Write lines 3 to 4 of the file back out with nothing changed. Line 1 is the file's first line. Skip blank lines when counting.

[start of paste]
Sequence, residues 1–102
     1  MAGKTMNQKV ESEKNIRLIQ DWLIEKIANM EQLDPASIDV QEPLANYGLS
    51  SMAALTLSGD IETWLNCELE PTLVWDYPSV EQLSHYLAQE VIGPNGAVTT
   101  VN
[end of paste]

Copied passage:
    51  SMAALTLSGD IETWLNCELE PTLVWDYPSV EQLSHYLAQE VIGPNGAVTT
   101  VN